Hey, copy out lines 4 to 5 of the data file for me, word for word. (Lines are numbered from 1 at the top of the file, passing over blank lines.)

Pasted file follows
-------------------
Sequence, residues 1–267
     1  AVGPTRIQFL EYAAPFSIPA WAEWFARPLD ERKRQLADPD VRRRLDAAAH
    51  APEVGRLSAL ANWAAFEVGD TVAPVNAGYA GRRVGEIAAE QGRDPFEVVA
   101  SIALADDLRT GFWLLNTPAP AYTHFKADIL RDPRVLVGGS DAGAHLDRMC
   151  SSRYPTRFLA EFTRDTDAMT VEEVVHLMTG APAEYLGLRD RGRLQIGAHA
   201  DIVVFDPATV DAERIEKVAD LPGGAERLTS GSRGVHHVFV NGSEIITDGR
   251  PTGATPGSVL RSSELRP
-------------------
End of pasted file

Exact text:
   101  SIALADDLRT GFWLLNTPAP AYTHFKADIL RDPRVLVGGS DAGAHLDRMC
   151  SSRYPTRFLA EFTRDTDAMT VEEVVHLMTG APAEYLGLRD RGRLQIGAHA